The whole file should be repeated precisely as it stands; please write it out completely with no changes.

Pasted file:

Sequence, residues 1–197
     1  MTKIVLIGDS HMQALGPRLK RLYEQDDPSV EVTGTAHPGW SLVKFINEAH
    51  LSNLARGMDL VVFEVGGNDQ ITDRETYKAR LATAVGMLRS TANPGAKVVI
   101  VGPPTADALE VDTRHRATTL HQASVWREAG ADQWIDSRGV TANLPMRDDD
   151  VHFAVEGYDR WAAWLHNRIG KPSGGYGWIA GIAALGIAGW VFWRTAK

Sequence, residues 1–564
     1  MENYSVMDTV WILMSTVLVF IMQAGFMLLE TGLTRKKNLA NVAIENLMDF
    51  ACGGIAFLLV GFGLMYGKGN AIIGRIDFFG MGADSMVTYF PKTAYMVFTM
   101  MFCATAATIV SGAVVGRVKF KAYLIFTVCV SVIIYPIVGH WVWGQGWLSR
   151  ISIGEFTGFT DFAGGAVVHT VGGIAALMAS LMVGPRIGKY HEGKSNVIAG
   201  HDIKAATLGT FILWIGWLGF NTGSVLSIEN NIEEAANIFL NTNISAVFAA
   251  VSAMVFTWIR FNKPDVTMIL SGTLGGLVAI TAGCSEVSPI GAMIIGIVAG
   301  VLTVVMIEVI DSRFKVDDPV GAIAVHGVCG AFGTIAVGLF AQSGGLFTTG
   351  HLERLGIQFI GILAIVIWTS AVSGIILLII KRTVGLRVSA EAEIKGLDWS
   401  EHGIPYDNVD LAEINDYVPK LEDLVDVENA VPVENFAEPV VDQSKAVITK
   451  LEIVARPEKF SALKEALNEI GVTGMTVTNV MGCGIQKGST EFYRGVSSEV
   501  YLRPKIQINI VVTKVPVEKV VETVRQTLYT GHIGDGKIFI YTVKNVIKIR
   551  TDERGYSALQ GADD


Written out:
Sequence, residues 1–197
     1  MTKIVLIGDS HMQALGPRLK RLYEQDDPSV EVTGTAHPGW SLVKFINEAH
    51  LSNLARGMDL VVFEVGGNDQ ITDRETYKAR LATAVGMLRS TANPGAKVVI
   101  VGPPTADALE VDTRHRATTL HQASVWREAG ADQWIDSRGV TANLPMRDDD
   151  VHFAVEGYDR WAAWLHNRIG KPSGGYGWIA GIAALGIAGW VFWRTAK

Sequence, residues 1–564
     1  MENYSVMDTV WILMSTVLVF IMQAGFMLLE TGLTRKKNLA NVAIENLMDF
    51  ACGGIAFLLV GFGLMYGKGN AIIGRIDFFG MGADSMVTYF PKTAYMVFTM
   101  MFCATAATIV SGAVVGRVKF KAYLIFTVCV SVIIYPIVGH WVWGQGWLSR
   151  ISIGEFTGFT DFAGGAVVHT VGGIAALMAS LMVGPRIGKY HEGKSNVIAG
   201  HDIKAATLGT FILWIGWLGF NTGSVLSIEN NIEEAANIFL NTNISAVFAA
   251  VSAMVFTWIR FNKPDVTMIL SGTLGGLVAI TAGCSEVSPI GAMIIGIVAG
   301  VLTVVMIEVI DSRFKVDDPV GAIAVHGVCG AFGTIAVGLF AQSGGLFTTG
   351  HLERLGIQFI GILAIVIWTS AVSGIILLII KRTVGLRVSA EAEIKGLDWS
   401  EHGIPYDNVD LAEINDYVPK LEDLVDVENA VPVENFAEPV VDQSKAVITK
   451  LEIVARPEKF SALKEALNEI GVTGMTVTNV MGCGIQKGST EFYRGVSSEV
   501  YLRPKIQINI VVTKVPVEKV VETVRQTLYT GHIGDGKIFI YTVKNVIKIR
   551  TDERGYSALQ GADD